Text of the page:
Distance: 9 km
Elevation gain: 500 m View map Download GPS track
With the avalanche conditions too high for a snowshoe trip deep in the mountains today, Sandra and I decided to head to the Castle Wilderness and snowshoe to the summit of Carbondale Hill, home to an active fire lookout. Despite being described in Andrew Nugara’s snowshoeing guidebook
this isn’t a very popular destination and I figured we’d have a day of strenuous trailbreaking and was oddly looking forward to it.
We followed the directions in the guidebook and parked at the gate on the Castle Falls Road, just past Ohagen Road. The gate is meant to keep snowmobilers out, but tracks packed down all around it indicated it was rather ineffective at doing so. It was, however, reasonably effective at keeping us out as we found ourselves postholing in deep crusty snow as we made our way around it. I knew it had been warm and windy lately, but I hadn’t anticipated such crusty conditions this early in the year.
Once past the gate we followed the plowed and mostly dry Castle Falls Road for a bit over 1 km before turning left onto the unsigned and gated road to Carbondale Lookout. Despite the earlier gate, multiple signs, and the gate on this road, the trail had been packed by a snowmobile and we made quick progress until the track ended about a kilometer up the road. We donned our snowshoes here and started breaking trail along the road. The snowpack was relatively supportive and we sunk less than six inches, but even in the shaded forest the snow was crusty and had a tendency to snag our snowshoes, making trailbreaking more frustrating than strenuous.
After a kilometer of tolerable snowshoeing the snow crust thickened to the point that it could almost bear our weight, but with each step we’d crash somewhat unexpectedly and violently through it. This was terribly frustrating, but thankfully after just a hundred meters or so of this misery the trees thinned considerably and a dry grassy slope appeared. We eagerly abandoned the road here, strapping our snowshoes to our already heavy winter packs just in case we encountered snow higher up. This turned out to be a very good call, for while the drifts and snowpatches along the ridge were for the most part easily avoided or crossed, a huge, deep snowpatch just below the summit was impossible to cross without snowshoes (I tried and comically failed repeatedly).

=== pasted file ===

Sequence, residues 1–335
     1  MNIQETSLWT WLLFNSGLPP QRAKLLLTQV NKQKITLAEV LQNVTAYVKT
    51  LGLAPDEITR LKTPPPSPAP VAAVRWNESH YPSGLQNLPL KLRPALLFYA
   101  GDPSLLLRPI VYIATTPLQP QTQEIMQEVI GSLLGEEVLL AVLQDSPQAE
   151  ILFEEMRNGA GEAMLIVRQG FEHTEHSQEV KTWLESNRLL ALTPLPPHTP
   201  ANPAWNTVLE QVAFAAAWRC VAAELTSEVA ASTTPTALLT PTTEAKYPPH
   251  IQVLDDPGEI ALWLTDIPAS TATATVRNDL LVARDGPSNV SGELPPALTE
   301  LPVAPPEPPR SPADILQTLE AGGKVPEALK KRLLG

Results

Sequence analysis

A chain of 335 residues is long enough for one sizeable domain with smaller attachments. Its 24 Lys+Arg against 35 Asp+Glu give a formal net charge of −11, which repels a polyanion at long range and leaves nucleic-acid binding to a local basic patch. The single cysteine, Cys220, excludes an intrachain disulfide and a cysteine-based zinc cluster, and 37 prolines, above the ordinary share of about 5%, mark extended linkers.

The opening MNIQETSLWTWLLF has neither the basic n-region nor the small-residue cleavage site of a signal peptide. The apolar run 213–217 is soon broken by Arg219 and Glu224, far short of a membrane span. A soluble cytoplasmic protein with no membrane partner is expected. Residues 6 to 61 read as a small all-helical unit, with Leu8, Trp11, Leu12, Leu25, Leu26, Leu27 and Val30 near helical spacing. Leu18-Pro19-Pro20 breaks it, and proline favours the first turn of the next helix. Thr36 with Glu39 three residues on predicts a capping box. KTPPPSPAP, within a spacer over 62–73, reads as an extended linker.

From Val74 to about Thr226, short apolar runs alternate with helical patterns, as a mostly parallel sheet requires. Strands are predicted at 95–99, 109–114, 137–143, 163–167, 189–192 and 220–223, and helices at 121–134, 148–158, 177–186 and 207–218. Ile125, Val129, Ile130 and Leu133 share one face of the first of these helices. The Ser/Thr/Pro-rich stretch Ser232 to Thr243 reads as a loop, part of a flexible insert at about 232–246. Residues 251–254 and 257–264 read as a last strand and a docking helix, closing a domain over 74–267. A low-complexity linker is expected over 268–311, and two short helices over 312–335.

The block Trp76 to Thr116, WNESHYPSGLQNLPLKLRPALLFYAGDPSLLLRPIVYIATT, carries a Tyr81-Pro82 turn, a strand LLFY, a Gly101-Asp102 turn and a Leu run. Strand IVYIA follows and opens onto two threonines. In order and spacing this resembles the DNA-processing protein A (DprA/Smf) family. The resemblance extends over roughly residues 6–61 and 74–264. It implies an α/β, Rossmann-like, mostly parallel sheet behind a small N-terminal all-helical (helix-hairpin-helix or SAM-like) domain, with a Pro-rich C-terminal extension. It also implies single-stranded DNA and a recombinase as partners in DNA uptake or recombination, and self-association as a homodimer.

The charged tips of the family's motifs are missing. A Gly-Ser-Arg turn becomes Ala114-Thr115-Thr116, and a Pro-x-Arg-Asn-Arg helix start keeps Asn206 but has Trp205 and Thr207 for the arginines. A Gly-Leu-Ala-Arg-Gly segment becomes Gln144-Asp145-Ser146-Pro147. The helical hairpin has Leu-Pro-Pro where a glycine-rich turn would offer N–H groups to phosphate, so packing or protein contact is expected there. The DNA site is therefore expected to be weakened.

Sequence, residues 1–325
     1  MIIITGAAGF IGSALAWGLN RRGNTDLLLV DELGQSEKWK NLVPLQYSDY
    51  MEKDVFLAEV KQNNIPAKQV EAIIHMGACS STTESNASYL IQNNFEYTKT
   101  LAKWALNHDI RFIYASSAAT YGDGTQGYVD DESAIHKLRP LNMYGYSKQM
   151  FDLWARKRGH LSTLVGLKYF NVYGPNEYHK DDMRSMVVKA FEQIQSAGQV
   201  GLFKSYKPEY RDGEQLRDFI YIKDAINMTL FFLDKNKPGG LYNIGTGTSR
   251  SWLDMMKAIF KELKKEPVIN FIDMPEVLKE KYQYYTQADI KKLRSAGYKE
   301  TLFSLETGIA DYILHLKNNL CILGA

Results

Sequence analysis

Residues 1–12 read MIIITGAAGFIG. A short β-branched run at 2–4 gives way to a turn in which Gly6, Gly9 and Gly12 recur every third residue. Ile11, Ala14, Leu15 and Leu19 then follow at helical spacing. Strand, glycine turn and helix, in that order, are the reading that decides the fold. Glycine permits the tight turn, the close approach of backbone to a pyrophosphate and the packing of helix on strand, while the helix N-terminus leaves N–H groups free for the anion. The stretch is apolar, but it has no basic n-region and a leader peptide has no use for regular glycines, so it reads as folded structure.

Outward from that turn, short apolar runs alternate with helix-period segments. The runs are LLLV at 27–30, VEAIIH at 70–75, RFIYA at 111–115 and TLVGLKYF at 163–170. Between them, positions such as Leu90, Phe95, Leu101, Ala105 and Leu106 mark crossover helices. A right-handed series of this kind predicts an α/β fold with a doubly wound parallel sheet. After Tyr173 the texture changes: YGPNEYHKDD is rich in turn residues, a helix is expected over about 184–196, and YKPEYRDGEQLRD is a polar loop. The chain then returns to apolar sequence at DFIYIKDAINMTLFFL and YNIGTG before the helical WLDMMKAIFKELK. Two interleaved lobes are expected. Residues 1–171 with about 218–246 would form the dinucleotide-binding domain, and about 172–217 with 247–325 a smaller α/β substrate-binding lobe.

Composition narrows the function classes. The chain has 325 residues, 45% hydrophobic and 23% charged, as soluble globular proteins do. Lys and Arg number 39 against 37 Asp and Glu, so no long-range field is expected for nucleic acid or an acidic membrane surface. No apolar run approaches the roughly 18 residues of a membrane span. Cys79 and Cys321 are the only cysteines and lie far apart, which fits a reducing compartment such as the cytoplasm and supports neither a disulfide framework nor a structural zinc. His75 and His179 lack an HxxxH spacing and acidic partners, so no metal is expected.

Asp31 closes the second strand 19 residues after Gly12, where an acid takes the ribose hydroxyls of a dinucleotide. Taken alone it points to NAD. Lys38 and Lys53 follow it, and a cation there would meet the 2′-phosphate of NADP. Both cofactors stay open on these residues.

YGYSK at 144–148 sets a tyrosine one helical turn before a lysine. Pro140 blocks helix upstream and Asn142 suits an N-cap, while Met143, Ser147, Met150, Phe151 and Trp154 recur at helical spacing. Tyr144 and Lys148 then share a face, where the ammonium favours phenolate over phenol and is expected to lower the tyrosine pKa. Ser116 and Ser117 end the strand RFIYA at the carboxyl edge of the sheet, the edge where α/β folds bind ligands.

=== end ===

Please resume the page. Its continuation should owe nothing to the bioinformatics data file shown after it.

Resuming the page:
Sandra and I have hiked to the top of many fire lookouts and the views from the top of this one rank in the top third. Mountains surrounded the summit to the south, west, and north, and the view of the smaller hills to the east was also very nice. Better still, the weather was the best we’ve had in a very long time with the temperature hovering just below zero with absolutely no wind, which permitted us to have a very relaxed lunch at the top.
On the way back down I decided to follow the lookout road in the hope of avoiding the deep snow patch below the summit. While we did avoid that particular snowpatch, the variably supportive drifts along the road were equally frustrating and we soon abandoned it and retreated to the mostly dry ridge we’d ascended. It was then an easy hike back to the truck.